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Warren Skin Care Center

Mohs Surgery


In 1937, Dr. Fredrich Mohs, Professor of Surgery at the University of Wisconsin, and Nobel Prize in Medicine nominee, developed a technique for the surgical removal of skin cancers known as chemosurgery. This technique provides patients with the highest chance of cure for even complicated cancers. This method is time-consuming, requires highly specialized training and personnel.

This information pamphlet will attempt to answer some of the questions you may have as a patient concerning our procedure for the treatment of skin cancer. Should you have further questions, please do not hesitate to contact us.

The Micrographic Surgery Unit consists of several individuals who will serve you. In addition to Dr. Li, the team includes surgical assistants who are experienced in dealing with skin cancer patients and knowledgeable about and experienced in caring for any prob­lems which may arise. Another important member of our team are the technicians who quickly and precisely prepare the tissue for microscopic examination. Finally, the office secretaries and office manager round out the team.

(1) What is skin cancer? Cancer is a tissue which grows at an uncontrollable and unpredictable rate. There are three main forms of skin cancer; basal cell carcinoma, squamous cell carcinoma, and malignant melanoma. These names refer to the cells of the skin giving origin to the cancer.

(2) Is it dangerous? The most common types of skin cancer are basal cell carcinoma and squamous cell carcinoma. Both types enlarge locally from the point of origin and usually do not spread (metastasize) to distant parts of the body. If not completely re­moved, both types will frequently invade and destroy structures in their path of growth. Compared to other forms of cancer, these types of skin cancer are generally recognized in their early stages and are, therefore, more easily cured. Malignant melanoma, on the other hand, may be life-threatening if not treated early. It usually appears as a brownish-black spot or bump on the skin which enlarges and sometimes bleeds. Occasionally, melanoma originate in moles which have been present for many years.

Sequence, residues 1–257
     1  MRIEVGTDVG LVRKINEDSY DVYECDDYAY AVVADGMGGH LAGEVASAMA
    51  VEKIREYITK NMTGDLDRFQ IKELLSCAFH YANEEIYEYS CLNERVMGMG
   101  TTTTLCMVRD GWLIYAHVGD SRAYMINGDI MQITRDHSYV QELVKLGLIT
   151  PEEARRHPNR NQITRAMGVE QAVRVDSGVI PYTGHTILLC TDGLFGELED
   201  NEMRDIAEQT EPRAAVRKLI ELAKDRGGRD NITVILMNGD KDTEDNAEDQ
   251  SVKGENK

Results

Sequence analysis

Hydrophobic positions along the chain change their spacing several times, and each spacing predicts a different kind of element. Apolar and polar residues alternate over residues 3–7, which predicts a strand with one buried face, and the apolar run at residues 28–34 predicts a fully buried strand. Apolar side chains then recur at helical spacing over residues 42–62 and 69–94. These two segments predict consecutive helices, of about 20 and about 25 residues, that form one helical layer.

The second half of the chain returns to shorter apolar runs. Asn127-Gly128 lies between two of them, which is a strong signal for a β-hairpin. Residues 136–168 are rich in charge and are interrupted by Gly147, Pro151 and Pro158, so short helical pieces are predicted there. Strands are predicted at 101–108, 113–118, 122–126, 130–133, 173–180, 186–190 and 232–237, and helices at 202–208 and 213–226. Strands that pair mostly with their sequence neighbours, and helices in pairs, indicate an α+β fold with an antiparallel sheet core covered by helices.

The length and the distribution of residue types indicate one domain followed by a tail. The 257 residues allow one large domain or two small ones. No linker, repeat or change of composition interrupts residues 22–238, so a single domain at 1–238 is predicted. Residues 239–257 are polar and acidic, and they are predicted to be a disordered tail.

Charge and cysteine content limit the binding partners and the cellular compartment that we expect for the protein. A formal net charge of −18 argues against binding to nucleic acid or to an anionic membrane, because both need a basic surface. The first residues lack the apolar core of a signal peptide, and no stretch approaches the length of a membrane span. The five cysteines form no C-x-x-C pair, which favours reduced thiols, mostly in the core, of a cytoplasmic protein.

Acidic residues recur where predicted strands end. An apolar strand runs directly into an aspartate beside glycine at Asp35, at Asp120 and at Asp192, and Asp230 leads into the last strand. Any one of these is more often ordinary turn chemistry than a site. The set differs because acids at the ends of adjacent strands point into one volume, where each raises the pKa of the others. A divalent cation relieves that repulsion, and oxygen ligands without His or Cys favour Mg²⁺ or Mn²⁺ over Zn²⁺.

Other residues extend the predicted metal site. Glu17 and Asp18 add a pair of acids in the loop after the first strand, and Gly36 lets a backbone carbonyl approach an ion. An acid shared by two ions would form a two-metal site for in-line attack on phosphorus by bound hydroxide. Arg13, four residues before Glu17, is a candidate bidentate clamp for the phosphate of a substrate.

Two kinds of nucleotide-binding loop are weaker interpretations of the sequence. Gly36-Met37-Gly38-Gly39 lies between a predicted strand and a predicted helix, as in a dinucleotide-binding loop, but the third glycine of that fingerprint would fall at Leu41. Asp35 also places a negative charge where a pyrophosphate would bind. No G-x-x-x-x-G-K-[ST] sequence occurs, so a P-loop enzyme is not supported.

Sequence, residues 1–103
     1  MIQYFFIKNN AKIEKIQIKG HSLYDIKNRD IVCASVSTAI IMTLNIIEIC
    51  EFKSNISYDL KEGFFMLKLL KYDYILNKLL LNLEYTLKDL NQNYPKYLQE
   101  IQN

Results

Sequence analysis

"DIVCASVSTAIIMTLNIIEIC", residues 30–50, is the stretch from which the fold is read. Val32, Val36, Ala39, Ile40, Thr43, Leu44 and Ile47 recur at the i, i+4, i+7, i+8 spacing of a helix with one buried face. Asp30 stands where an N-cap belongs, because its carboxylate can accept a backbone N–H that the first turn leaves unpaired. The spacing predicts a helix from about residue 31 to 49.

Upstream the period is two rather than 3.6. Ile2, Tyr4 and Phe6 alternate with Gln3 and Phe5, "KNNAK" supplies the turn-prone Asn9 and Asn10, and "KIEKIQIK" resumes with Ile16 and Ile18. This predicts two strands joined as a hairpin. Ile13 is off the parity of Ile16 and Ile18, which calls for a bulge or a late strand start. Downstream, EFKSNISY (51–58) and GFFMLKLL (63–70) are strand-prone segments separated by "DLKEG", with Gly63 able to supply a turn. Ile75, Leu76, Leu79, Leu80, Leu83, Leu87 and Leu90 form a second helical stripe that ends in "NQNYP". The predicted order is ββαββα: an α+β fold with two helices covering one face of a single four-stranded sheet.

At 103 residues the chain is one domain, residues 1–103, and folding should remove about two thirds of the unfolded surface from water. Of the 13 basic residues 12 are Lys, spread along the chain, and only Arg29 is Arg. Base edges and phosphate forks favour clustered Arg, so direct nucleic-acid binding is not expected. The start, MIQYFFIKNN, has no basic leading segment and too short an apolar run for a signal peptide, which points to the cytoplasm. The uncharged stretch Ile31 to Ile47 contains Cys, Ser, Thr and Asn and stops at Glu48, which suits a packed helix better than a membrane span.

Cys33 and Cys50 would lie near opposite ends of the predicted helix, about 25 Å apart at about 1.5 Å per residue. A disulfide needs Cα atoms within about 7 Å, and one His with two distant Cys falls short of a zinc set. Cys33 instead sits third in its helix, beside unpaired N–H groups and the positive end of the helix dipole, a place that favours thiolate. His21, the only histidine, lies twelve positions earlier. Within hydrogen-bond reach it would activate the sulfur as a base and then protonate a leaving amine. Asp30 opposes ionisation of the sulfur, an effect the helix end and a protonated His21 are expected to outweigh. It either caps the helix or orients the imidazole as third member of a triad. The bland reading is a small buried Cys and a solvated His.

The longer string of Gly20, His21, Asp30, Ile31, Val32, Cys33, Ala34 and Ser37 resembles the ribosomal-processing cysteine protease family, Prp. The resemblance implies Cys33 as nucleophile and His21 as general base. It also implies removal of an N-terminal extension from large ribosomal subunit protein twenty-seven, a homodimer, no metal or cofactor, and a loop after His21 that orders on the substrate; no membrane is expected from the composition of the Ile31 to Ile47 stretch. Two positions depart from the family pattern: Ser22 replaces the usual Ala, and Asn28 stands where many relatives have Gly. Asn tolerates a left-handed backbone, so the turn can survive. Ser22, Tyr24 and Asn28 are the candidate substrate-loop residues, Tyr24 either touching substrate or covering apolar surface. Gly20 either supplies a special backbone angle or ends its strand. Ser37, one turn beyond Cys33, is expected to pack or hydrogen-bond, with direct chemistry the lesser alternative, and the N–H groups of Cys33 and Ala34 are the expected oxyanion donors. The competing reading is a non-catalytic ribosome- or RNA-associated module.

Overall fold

(3) What causes skin cancer? The cause of skin cancer, like other forms of cancer, is not completely known. Excessive exposure to sunlight is the single most important factor associated with the development of these skin cancers which appear most commonly on the face and arms (the most sun-exposed areas of the body). Fair-skinned people develop skin cancers more frequently than dark skinned people. Skin cancer, unlike cancer of other forms is rare in blacks. Cancer of the skin is common in the southern United States. Skin cancers also tend to be hereditary and occur frequently in certain ethnic groups, especially those with fair complexions, such as Northern Italians and people from Northern Europe. Other possible factors contributing to the development of skin cancer includes x-ray, trauma, and certain chemicals.

(4) How does skin cancer start? Skin cancer begins in the upper­most layer of the skin and grows downward forming roots and spreads horizontally, along the surface of the skin. Unfortunately, these extensions cannot be directly visualized. Therefore, what is apparent to the naked eye on the surface of the skin may only be the “tip of the iceberg”.

(5) How is it removed? There are three separate steps in the removal of skin cancer by Mohs’ Micrographic Surgery: (1) surgical removal of the visible portion of the skin cancer with excision or curettage; (2) surgical removal of a thin layer of tissue surrounding the cancer; and (3) examination of the excised tissue under the microscope. By thorough examination of the edges and bottom portion of the removed tissue, the physician is able to trace out and exactly locate any additional areas for cancer left in the patient. Before this tissue is examined it is marked with color dyes to distinguish top from bottom and right from left. By doing this, we are able to pinpoint the exact location of any remaining tumor during the microscopic examination. If more cancer is present, the procedure is repeated but only the area of remaining cancer is removed.